Pulse between the UN and Peru: the high commissioner asks Boluarte for explanations for the repression of the protests | International

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Protest in Lima on January 31.Antonio Melgarejo (EFE)

The Government of Dina Boluarte owes a response to the UN since last Friday. The Office of the United Nations High Commissioner for Human Rights sent a letter to the representative of the Permanent Mission of Peru to the UN, Ambassador Luis Juan Chuquihuara, asking him to send it to the minister as soon as possible of Foreign Relations, Ana Gervasi. In the document, the institution expresses its deep concern about the social upheaval that has afflicted Peru for almost three months, but above all it requests accountability from the authorities.

“We have received information regarding the alleged excessive use of force, causing a high number of unlawful deaths, the alleged abusive use of the criminal offenses of terrorism against protesters and dissidents, allegedly arbitrary arrests, a case of forced disappearance , stigmatization and violations of due process against the protesters”, says the official letter that is signed by eight special rapporteurs headed by Clement Nyaletsossi from Togo, Mary Lawlor from Ireland, and Pedro Arrojo Agudo from Spain.

The letter emphasizes the "excessive use of tear gas, excessive presence of police and military personnel, and attacks," as well as agents infiltrating the marches. "Civil society alleges that it is common for elements of the public force dressed as civilians to attend protests who would seek to incite violence and justify military and police actions to respond by repressing them." It also includes a count of those who died from the clashes and road blockades in the different regions of the country, mainly in the southern highlands such as Ayacucho and Puno.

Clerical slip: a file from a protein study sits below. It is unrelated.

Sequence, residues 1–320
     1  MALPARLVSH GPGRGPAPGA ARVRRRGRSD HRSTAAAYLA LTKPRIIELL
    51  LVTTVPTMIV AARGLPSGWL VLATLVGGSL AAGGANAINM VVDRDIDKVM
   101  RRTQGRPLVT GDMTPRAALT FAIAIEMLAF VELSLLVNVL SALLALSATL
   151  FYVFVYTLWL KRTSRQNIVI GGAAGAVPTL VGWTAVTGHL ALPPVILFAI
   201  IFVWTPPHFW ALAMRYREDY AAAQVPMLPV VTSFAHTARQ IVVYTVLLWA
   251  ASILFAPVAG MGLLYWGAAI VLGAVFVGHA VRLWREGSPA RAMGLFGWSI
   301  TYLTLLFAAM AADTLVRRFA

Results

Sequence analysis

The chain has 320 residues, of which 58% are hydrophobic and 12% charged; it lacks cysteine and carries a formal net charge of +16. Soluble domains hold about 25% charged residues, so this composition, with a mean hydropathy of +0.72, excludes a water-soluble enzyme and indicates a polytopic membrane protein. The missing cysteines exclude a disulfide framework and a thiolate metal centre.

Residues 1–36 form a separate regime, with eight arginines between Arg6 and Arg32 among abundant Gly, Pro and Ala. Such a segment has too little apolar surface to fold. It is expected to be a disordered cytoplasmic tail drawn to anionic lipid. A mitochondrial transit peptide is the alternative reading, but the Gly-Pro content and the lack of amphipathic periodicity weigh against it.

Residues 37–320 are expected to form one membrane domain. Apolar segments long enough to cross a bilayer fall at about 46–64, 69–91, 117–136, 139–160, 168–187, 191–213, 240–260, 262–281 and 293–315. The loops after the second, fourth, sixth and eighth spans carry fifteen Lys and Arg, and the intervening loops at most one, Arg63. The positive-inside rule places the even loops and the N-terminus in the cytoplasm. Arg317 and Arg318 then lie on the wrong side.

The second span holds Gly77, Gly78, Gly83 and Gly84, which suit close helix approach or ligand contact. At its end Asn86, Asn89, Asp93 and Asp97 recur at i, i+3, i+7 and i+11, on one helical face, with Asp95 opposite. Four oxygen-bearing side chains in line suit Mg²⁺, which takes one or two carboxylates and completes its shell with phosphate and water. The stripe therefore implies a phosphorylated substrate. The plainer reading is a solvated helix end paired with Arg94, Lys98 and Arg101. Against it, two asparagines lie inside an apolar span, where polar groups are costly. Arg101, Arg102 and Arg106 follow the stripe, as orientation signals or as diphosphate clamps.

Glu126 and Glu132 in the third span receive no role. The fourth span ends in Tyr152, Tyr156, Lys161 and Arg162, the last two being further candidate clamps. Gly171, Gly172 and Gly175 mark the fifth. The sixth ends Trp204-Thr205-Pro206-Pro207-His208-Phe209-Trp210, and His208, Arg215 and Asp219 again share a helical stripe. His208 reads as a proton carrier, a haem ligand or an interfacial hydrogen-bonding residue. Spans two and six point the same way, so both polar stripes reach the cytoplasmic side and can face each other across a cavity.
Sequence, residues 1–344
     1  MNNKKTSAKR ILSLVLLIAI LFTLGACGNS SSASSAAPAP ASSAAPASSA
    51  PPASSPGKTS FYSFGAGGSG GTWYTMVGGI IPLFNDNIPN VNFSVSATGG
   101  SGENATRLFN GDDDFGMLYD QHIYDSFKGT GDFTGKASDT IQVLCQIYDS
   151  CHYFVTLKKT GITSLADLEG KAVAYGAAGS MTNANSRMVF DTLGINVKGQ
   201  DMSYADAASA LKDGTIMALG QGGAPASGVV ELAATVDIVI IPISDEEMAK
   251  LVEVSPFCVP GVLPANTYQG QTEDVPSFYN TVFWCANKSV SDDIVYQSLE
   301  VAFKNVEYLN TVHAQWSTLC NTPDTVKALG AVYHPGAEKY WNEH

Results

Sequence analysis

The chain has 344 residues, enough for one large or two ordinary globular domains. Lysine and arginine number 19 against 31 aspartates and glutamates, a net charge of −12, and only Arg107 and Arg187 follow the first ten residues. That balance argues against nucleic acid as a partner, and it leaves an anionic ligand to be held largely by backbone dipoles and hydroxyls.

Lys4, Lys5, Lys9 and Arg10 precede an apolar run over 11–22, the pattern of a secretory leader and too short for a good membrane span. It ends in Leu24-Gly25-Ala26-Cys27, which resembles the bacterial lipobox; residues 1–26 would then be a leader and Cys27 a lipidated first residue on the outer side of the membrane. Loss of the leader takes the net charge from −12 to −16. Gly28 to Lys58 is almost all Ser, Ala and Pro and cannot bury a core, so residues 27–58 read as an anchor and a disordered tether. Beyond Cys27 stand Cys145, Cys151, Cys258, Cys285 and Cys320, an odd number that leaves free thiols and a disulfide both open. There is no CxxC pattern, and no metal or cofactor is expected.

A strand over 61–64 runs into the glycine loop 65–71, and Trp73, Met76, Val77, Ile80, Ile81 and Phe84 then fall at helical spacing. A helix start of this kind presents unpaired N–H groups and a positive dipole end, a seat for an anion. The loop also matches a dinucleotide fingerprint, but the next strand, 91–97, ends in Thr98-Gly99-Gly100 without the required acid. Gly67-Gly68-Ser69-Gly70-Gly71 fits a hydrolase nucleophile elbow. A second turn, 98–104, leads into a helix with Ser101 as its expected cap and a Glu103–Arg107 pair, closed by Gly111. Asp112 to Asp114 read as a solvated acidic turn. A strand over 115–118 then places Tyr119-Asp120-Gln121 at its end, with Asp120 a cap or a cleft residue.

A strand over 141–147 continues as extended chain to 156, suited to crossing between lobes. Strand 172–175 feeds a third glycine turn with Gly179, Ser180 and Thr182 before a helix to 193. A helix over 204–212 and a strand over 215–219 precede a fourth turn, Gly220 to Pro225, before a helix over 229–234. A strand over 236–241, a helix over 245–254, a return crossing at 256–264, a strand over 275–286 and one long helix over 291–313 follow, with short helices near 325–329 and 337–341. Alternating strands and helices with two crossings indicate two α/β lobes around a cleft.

The document includes journalistic investigations where it is claimed to have detected remains of AKM rifle ammunition in the bodies of some of the deceased, as well as metal pellets, a prohibited ammunition, especially if it is fired at close range. According to the latest report from the Ombudsman's Office, 60 dead, 1,301 injured civilians and 580 police officers with some type of injury.

Likewise, it reports on the raid on the Universidad Nacional Mayor de San Marcos last January, where almost 200 people were arrested, including students and protesters; of the physical and verbal attacks on 60 media professionals, of a case of forced disappearance, and of an "official discourse that indicates that they are at war and that describes those who protest as enemies or terrorists, which has served to justify an offensive act on the part of the armed forces”.

"We underscore the obligation of the State to carry out thorough, prompt, effective, impartial and independent investigations of all alleged human rights violations committed by police authorities," the letter notes. In this sense, the special rapporteurs request that they be provided with detailed information on each of these investigations within a maximum period of 60 days. So far the Executive has not ruled.

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